TIFF review: Splinters

Thom Fitzgerald's drama about a queer outcast reuniting with family is beautifully acted and doesn't need the extra flourishes


SPLINTERS CWC D: Thom Fitzgerald. Canada. 94 min. Sep 11, 7:15 pm, TBLB 3 Sep 12, 10 pm, Scotiabank 3 Sep 15, 6:30 pm, Scotiabank 10. See listing. Rating: NNN


Two decades after his breakout first feature, The Hanging Garden, Nova Scotia director Fitzgerald makes another movie about a queer outcast who comes home after a long estrangement.

The difference in Splinters is that the outcast is a woman, Belle (Sofia Banzhaf), returning for her father’s funeral and facing the mother (Shelley Thompson) who shunned her when she came out as a lesbian. Only now Belle is in a long-term relationship with a man (Callum Dunphy) and trying to hide it – and him – from her family.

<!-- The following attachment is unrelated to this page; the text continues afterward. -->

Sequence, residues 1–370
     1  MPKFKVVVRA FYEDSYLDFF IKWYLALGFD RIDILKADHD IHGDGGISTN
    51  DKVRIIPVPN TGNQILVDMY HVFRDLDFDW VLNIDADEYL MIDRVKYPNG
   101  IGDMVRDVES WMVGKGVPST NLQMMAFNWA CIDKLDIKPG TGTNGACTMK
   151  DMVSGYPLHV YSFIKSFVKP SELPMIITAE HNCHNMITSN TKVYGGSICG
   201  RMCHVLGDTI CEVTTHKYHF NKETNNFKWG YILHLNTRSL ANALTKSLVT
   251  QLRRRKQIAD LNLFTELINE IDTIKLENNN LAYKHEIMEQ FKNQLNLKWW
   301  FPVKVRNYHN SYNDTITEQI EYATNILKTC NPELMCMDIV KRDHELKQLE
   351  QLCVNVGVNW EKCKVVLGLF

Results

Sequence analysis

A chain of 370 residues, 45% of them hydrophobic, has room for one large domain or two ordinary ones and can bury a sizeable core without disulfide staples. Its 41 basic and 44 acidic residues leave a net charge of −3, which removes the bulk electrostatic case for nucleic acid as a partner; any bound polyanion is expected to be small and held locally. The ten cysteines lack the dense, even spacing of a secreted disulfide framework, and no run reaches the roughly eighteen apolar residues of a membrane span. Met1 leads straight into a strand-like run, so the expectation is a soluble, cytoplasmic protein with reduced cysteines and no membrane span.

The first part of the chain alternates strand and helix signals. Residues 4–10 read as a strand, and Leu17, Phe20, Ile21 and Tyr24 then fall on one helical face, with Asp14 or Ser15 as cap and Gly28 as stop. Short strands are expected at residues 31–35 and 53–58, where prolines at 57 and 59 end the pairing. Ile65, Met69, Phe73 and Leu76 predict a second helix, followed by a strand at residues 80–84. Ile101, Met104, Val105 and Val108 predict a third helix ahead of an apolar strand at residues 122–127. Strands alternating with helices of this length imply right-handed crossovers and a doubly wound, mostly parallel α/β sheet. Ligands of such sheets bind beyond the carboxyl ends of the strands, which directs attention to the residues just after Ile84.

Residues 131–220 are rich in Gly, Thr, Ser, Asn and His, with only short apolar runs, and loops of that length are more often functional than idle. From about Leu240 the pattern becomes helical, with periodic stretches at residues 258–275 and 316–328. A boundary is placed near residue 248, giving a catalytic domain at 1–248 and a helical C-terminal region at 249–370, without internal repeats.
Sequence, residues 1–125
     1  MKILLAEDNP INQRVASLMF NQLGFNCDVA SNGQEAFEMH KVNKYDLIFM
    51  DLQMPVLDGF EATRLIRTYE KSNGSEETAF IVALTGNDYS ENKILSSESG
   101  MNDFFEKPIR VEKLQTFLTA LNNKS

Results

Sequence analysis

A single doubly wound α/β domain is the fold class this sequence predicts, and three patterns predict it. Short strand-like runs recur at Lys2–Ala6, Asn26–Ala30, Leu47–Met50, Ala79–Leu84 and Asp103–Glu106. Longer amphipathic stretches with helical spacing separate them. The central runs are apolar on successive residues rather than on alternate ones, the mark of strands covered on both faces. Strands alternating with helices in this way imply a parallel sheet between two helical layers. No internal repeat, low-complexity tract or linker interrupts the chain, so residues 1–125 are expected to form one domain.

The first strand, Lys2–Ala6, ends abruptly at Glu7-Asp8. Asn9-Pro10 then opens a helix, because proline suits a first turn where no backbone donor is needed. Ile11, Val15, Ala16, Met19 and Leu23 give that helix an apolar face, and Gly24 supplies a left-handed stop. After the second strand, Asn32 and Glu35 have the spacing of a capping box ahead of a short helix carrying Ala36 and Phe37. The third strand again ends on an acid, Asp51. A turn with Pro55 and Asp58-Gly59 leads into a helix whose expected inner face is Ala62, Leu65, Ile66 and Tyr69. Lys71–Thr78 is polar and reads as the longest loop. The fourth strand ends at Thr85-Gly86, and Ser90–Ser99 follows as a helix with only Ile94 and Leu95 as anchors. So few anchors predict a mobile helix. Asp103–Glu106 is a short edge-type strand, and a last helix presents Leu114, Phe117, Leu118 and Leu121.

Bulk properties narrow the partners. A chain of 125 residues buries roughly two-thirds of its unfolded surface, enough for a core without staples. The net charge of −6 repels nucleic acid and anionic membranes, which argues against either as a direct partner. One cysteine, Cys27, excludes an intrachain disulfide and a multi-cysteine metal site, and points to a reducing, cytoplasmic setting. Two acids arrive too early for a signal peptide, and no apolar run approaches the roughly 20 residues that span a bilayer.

Adapting Lee-Anne Poole’s 2010 stage play, Fitzgerald attempts to open up the action with sentimental visions and unnecessary musical interludes. The movie is best when he steps back and lets Banzhaf hold the screen.

Shifting fluidly between comic frustration and long-buried pain, she’s so good she doesn’t need the extra flourishes for support.   

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